“We need to change medical practice patterns,” Ku said, “and we also need monitoring systems. They exist, but they need to be improved.”
Medical personnel play a crucial role in limiting the spread of the opioid epidemic. In September doctors from the Anne Arundel Health System in Maryland found an extreme variation in the dose of painkillers prescribed to patients by different doctors. Health system officials have set a goal for halving the amount of opioids prescribed by 2019.
“We don’t want to create a new generation of addicts,” Dr. Barry Meisenberg, head of the opioid task force at Anne Arundel Health System, told the Baltimore Sun. “We don’t want to contribute to the problem.”
Proposals to repeal ACA would significantly scale back Medicaid. So, when new Healthcare Cost and Utilization Data was released in July 2017 by the Department of Health and Human Services, Ku and his colleague, Professor Naomi Seiler, became interested in exploring the “confluence of two big national discussions” — the opioid crisis and potential Medicaid cuts.
Their analysis looks into four states that have seen increases in emergency room visits and hospital admissions related to opioids. Two of the four states (West Virginia and Kentucky) chose to expand Medicaid while the other two (Virginia and North Carolina) did not. In a comparison of opioid-related hospital stays in West Virginia and Virginia, West Virginia’s Medicaid expansion significantly reduced hospitals’ uncompensated care burden.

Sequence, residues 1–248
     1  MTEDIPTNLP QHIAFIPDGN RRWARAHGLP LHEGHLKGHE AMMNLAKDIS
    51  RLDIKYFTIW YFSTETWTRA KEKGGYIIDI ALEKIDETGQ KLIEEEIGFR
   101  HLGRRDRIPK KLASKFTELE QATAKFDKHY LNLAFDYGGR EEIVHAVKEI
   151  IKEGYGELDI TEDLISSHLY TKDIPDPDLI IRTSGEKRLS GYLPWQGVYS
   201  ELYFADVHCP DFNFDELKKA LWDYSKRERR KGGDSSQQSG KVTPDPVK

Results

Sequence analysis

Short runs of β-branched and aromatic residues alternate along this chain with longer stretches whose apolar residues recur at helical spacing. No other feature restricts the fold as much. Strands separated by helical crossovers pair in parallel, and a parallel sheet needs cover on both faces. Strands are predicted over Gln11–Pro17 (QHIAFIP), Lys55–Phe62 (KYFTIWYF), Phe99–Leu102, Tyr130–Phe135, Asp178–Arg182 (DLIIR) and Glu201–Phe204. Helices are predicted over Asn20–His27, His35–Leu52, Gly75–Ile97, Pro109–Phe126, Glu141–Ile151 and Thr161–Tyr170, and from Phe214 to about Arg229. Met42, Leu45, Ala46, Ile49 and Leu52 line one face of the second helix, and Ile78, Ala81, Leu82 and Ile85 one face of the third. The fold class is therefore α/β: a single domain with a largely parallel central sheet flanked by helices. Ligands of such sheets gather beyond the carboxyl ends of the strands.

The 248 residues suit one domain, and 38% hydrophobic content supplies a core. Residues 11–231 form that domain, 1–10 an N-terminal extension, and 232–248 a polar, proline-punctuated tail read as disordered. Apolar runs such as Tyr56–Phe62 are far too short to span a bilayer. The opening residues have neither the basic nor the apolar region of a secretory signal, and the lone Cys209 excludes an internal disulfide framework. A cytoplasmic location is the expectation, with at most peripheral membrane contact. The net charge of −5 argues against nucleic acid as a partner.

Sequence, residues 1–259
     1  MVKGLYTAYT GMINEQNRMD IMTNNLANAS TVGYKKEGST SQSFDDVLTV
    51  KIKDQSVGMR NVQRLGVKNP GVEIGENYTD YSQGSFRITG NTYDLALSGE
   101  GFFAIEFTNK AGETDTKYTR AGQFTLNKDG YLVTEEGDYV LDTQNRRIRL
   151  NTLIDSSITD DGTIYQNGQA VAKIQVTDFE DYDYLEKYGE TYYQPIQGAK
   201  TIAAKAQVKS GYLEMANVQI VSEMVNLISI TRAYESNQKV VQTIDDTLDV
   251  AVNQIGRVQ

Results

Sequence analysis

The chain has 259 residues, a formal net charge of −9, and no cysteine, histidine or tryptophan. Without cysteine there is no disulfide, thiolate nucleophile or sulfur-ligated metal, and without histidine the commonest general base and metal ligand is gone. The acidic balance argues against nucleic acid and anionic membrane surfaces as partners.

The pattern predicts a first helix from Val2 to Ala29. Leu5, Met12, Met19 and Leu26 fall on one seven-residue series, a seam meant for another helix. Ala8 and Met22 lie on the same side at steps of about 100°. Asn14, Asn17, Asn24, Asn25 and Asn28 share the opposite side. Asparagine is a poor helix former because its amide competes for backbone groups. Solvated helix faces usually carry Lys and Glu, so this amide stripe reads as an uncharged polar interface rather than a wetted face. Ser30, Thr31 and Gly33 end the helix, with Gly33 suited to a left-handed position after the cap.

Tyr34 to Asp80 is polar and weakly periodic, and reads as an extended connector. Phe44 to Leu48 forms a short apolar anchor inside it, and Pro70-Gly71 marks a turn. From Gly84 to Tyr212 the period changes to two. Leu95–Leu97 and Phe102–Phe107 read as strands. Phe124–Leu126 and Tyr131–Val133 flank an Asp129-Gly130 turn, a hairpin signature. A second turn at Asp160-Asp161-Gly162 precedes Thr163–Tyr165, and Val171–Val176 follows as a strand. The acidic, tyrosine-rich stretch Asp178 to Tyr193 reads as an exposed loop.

Figure 1 shows that West Virginia’s 2014 Medicaid Expansion helped to increase the percentage of opioid-related hospital stays covered by Medicaid. In Virginia, which did not expand Medicaid, little changed in the cost coverage of opioid-related hospitals stays.
Ku also compared insurance status for emergency room visits related to opioid abuse in Kentucky and North Carolina. By the end of 2014, visits covered by Medicaid accounted for over half of all emergency room visits related to opioid abuse in Kentucky, which chose to expand Medicaid. But North Carolina, which did not expand Medicaid, saw no changes in its uncompensated care burden.
Figure 2 shows that Kentucky’s 2014 Medicaid Expansion helped to cover the costs of opioid-related emergency visits by increasing the percentage of emergency room visits covered by Medicaid. In North Carolina, which did not opt to expand Medicaid, little changed in the cost coverage of opioid-related emergency room visits.
The Commonwealth Fund defines uncompensated care as “any treatment or service not paid for by an insurer or patient.” If you are uninsured and seek emergency care at a hospital, the hospital will first try to collect payment from you directly. But if you’re an ordinary American without health insurance, chances are you would struggle to afford the cost of an ER visit or hospital stay. If hospitals are unable to collect money, it adds to their deficit.
Ku said hospitals can try to recover their uncompensated care costs from payments from Medicaid, Medicare or private insurance or from other sources of revenue. Cost-cutting measures like hiring freezes inevitably reduce the quality of care. Safety-net hospitals, especially in rural areas, face the possibility of going out of business if they can’t make up for the losses due to uncompensated care. The cost of leaving some people without coverage can be as high as leaving others without care.
If the Trump administration decides to officially declare the opioid epidemic a state of emergency, it could allocate additional funds and resources to help the crisis. However, if Congress decides to repeal or replace the ACA, the resources from that declaration still might fall short in providing states with adequate means of providing treatment options to individuals in dire need.
“Without Medicaid expansion,” Ku said, “it is far harder to address the opioid epidemic.”